Property monitoring technology makes data-driven underwriting easier and better informed than ever, as Shepherd CEO Stephen Chadwick explains to Intelligent Insurer.
From damage caused by leaking pipes to the reputational impact of a legionella outbreak, there are multiple insurable risks that can be addressed and stopped in their tracks with better monitoring.
Periodic human checks can result in slow discovery of problems, leading to larger claims, which is where property risk management specialist Shepherd comes in, with its unique cyber approach to helping assess and manage risks as never before. The presence of Shepherd in a building provides a wealth of specific and accurate knowledge, and a proven track record of reducing both the number and the size of losses.
“Rather than just being an alarm system, it will alert the relevant people so they can react to the problem.”
Shepherd’s software platform, the Shepherd Engine, collects and analyses data from a broad range of devices, from the internet of things (IoT) monitors in fridges and freezers to digital building management systems, and from electricity consumption monitoring devices to temperature and movement sensors. It provides constant building monitoring and makes this information available to insureds and insurers in a format that is easy to access and totally up to date.
“Insurers generally want to move towards data-driven underwriting, but in-house they don’t have the agility and skills to do so,” says chief executive officer Stephen Chadwick.
“We can see where an issue may be occurring and are able to provide the insurer with a risk score for each property. They can see across their portfolio which properties are performing better than others and why, and they can delve into the underlying data supporting their underwriting model instead of making a guess.”
A key advantage of the Shepherd Engine is the flexibility and detail of the data it collects, organises and reports. An insurer can see how an entire book of business is performing, but it can also easily access granular level detail, right down to how an individual pump in a specific property is functioning. This makes it easy to pinpoint and address issues as they occur.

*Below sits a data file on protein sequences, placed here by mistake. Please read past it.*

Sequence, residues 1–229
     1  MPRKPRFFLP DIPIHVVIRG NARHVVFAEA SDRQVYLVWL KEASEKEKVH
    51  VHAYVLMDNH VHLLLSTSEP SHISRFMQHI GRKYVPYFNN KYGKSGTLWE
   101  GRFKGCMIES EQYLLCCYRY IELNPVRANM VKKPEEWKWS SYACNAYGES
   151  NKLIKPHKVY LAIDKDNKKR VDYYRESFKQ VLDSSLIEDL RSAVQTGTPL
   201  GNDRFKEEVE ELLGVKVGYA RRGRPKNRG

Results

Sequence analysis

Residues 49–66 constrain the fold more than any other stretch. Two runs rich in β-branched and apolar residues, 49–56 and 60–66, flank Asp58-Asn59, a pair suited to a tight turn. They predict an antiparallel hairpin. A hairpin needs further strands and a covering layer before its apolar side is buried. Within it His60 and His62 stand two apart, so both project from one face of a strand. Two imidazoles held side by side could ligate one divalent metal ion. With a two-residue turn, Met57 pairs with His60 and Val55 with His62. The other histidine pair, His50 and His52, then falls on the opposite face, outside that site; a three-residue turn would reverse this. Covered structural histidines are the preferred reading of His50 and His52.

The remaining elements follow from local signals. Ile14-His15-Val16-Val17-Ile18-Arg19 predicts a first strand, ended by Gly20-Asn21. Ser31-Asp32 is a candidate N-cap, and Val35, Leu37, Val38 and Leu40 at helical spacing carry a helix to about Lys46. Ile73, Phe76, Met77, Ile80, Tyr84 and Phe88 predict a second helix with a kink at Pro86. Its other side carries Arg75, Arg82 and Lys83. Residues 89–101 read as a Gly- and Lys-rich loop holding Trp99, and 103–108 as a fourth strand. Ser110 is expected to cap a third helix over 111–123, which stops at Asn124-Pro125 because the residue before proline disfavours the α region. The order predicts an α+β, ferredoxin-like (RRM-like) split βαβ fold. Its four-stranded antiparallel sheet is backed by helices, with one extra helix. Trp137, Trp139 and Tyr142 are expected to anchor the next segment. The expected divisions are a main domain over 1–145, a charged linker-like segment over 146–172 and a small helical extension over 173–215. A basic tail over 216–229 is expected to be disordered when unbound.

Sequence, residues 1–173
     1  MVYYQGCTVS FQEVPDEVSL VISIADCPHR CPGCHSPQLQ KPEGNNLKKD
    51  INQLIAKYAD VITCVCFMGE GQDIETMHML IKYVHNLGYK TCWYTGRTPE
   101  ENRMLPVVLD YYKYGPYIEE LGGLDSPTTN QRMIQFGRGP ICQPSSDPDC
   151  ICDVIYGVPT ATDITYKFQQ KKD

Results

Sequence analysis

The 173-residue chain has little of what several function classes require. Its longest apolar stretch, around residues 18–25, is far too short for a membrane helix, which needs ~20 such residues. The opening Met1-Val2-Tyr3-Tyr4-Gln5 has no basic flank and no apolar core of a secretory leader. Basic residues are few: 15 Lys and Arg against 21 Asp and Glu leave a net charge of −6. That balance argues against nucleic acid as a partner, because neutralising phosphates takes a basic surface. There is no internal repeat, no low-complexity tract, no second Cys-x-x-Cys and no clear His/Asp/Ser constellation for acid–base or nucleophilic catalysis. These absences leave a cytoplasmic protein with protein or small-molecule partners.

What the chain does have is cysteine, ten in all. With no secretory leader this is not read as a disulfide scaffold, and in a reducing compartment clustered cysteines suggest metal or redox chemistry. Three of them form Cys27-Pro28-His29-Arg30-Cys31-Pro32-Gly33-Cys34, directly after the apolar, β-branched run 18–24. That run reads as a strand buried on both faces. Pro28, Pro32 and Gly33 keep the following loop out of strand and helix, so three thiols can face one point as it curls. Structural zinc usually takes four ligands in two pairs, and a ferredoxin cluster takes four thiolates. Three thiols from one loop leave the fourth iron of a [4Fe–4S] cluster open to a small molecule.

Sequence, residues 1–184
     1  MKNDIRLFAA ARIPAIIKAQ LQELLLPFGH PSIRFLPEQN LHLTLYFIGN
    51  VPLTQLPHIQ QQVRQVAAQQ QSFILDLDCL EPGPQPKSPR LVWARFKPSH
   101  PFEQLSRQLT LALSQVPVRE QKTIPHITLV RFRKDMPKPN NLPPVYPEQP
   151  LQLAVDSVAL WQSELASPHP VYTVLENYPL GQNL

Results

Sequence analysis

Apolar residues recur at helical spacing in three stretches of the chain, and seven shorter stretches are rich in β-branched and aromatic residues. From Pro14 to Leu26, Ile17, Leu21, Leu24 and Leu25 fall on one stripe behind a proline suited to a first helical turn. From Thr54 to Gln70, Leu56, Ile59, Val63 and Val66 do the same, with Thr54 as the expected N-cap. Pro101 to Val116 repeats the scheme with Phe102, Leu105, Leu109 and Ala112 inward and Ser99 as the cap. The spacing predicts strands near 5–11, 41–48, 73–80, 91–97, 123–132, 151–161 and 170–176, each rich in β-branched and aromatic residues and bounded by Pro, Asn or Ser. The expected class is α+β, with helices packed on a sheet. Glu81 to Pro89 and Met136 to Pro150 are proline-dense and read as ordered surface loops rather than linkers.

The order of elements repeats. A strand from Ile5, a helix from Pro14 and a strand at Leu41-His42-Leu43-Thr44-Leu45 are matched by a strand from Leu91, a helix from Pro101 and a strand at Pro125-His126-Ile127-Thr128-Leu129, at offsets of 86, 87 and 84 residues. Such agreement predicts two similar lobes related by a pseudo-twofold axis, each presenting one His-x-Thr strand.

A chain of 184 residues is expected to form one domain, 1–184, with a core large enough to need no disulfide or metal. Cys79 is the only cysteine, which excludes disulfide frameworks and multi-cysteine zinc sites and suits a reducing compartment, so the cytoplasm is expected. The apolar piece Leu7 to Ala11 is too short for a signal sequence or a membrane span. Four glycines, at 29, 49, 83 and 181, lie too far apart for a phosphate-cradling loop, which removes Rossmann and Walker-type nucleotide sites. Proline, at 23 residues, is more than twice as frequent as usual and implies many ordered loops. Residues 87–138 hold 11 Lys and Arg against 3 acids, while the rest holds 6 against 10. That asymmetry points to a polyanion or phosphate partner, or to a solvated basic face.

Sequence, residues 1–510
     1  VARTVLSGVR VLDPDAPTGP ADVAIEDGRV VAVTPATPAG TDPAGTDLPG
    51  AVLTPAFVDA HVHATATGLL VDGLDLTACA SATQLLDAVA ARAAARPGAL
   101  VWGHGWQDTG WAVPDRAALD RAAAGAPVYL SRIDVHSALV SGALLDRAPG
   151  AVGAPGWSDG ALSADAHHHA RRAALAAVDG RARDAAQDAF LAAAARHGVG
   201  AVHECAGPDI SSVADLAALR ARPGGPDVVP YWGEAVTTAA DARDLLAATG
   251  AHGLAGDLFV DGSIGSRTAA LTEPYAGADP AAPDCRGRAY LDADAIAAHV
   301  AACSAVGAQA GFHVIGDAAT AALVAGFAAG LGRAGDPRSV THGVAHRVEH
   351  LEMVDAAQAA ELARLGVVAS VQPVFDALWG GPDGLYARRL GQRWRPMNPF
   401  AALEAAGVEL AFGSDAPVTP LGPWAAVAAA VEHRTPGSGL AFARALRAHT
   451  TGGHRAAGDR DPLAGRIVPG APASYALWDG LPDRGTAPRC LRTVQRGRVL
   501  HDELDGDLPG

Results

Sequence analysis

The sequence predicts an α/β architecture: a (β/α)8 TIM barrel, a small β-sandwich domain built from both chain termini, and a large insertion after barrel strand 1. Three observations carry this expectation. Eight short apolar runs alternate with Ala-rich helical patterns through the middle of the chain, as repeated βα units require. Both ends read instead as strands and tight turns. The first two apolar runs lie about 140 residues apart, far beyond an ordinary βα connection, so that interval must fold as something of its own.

A growing client list
Shepherd is currently monitoring 1,000 properties for 180 clients. When new insurers come on board, they typically arrange a pilot period, during which the Shepherd Engine quickly demonstrates that the savings it makes outweigh its relatively low cost.
“The result is that insurers gain a far better understanding of the risk profile based on actual data,” says Chadwick.
The benefits to insurers include the ability to avoid large claims and to keep pricing competitive. For the insureds, Shepherd can provide a solution when previous large claims have made a property or group of properties difficult to insure.
“With these types of clients, the insurer pays for Shepherd to be implemented using innovation funding or their risk bursary schemes and will use Shepherd to reduce the premium over time for the client,” says Chadwick.
The types of properties monitored by Shepherd range from schools, housing associations and care homes through to heritage properties and scientific research facilities—where, for example, a failed fridge or freezer can result in a costly claim.
Following the Notre-Dame de Paris fire in April, Shepherd has seen an increase in interest in using the Shepherd Engine to monitor historic properties, especially when contractors are working on site. Changes in temperature, for example, can be detected immediately.
“We can digitise a fire panel or fit leak detection throughout a property,” says Chadwick. “Rather than just being an alarm system, it will alert the relevant people so they can react to the problem. It tells them where issue is, what it is and records that they have been notified. It can pass an alert all way to the fire brigade.”
For buildings that need only temporary monitoring, Shepherd provides a mobile suitcase-sized monitoring station that can be moved from property to property. This is especially useful for vacant properties or properties where contractors are carrying out work. When the work is finished or the property is no longer vacant, the device can be moved on to another property.
While the Shepherd Engine seamlessly links to existing SCADA, BMS and third-party hardware monitoring boilers, pumps, electricity consumption, water pressure and humidity, Shepherd’s Connected Engineering division also makes its own sensors for use with the Shepherd Engine.
“We develop our own sensors when what is available on the market is not good enough,” says Chadwick. “For example, legionella monitoring has to be highly accurate on temperature. There were a lot of devices on the market to do this, but they were not accurate enough, so we developed our own.
“By combining multiple sources of data, Shepherd is able to provide a far more comprehensive monitoring solution than any other provider, and our customer base is growing steadily within the insurance sector,” says Chadwick.
“It’s a relatively cheap solution and the value and granularity are fantastic. It gives you the confidence that the building is performing to its optimum level and that the risks you are concerned about are being managed in that property.”
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